by Chris Robey | Oct 12, 2017 | Mental Health, Parenting, Personal Development
One of the best pieces of advice I ever received was from one of my best friends regarding marriage. This one stuck in my memory for some reason I can’t explain. The advice was prompted by some of my anxieties revolving around leaving the “single life” – something at which I had become adept by virtue of the many years of practice. I was obviously excited about marrying the girl who had become my best friend in life, but I wasn’t really sure what it was going to be like sharing a life with someone else.
The thing is, when we do something new, old things have to pass away. This is a really hard truth as revealed by the millions of broken “resolutions” we find scattered amongst the first few months of the year. We all want to do things better and become better people, but in our efforts we forget my friend’s incredible advice:
“You have to trade one good set of things for another set of good things.”
This advice was ringing in my ears when I read a recent blog post by Dr. Tim Elmore about some encouraging and discouraging statistics on teenagers. You can read it here. Dr. Elmore outlines some great news on teenagers balanced out with some bad news.
Smoking is down.
Junk food consumption is up.
Sexual activity is down.
So is condom use.
Drinking and driving is down.
Texting while driving is up.
Think if you were a charity or non-profit who worked diligently on the issue of drunk driving and seeing the stats fall, only to see traffic fatalities rise for essentially the same problem – impaired driving. Or if you worked tirelessly on educating youth that smoking kills only to see them eating potato chips for dinner?
Teenagers, like adults, tend to find things to help us cope with life. We all have them. Life is stressful and difficult, and we can’t always be on our “A” game. So, we justify certain behaviors so we can “get by”. After a while, we see the error in this thinking and try to change our unhealthy habits.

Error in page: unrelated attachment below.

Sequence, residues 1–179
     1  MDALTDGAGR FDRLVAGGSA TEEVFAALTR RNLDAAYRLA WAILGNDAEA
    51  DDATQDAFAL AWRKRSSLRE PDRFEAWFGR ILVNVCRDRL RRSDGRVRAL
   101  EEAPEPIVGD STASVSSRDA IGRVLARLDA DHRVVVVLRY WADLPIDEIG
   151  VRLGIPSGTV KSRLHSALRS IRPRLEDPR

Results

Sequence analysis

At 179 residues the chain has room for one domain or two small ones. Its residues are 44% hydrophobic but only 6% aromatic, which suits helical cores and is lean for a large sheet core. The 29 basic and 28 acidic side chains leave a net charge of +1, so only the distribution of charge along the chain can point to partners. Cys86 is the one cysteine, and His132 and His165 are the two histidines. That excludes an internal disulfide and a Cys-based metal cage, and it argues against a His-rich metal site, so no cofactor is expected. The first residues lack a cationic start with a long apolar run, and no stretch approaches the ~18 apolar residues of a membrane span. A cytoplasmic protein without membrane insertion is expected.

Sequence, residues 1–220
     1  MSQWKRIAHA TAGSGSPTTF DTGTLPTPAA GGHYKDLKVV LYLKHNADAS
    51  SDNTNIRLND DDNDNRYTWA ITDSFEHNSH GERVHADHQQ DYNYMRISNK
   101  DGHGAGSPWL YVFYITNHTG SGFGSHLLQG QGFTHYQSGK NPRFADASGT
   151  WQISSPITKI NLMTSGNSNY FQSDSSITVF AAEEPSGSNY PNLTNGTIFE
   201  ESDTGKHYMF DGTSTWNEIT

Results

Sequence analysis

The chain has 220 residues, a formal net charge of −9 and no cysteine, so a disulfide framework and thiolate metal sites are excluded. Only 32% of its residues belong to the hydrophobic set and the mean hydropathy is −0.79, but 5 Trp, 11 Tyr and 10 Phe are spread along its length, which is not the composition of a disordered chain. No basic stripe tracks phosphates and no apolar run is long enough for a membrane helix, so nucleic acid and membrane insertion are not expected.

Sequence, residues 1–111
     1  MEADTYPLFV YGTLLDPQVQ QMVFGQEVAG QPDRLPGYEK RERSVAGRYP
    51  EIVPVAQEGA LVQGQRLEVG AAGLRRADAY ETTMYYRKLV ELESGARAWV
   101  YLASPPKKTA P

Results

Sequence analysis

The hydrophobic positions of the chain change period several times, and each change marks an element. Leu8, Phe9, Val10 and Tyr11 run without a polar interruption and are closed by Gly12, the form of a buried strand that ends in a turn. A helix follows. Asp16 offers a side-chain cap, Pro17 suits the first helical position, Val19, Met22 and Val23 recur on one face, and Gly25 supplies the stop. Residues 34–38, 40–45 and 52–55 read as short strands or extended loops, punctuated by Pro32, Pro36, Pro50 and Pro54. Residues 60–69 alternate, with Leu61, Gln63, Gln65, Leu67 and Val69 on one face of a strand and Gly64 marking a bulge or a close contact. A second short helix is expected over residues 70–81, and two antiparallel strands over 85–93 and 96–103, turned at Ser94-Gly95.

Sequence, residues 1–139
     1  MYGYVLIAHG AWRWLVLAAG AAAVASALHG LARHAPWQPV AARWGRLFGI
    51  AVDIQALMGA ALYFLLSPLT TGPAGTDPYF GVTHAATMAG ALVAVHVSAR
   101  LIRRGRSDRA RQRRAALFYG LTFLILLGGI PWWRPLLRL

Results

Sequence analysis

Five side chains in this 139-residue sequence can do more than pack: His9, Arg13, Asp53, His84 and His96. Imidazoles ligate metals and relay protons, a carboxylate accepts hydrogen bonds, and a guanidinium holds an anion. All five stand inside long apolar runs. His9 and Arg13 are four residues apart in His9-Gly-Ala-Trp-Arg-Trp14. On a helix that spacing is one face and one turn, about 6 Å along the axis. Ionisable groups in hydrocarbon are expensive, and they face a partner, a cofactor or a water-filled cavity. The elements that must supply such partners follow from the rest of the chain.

The problem is, changing an unhealthy behavior has to be followed with something good. We have to trade one set of things for another set of things. The only caveat is, what are we replacing it with?
I found this idea to be true in my own life recently. Since the beginning of the year I’ve tried to lose some weight (which I have) and clean up my eating (which I….kind of have), and found myself eating good during the day but eating unhealthy before bedtime. It’s like I undo all of the good I’ve done throughout the day with a poor eating choice at night.
And because of that, I struggle to meet my goals. I haven’t really traded anything.
As we walk alongside teenagers, we can’t just tell them to “stop doing things” and offer no real alternative or better path. Human beings tend to cope. And if we can’t find healthier ways to cope, we will only find other unhealthy ways.
We can’t get mad at teenagers or disparage an entire generation because they kind of act like us sometimes. Let’s help teenagers find ways to exchange an unhealthy set of behaviors for something good, sustainable, and life-bringing.
For more on this, I’d encourage you to read Dr. Elmore’s brief post about how we use these findings to bring about healthy change with our teenage friends.
Chris Robey, Teen Life’s COO, has worked with teens for over a decade and strives to help students see the best in themselves.
by Ricky Lewis | Mar 3, 2016 | Resources, Support Groups
When I was about 3 years old, our house was broken into. We weren’t home so it wasn’t traumatic, but I remember the mess around the room and that my piggy bank was broken.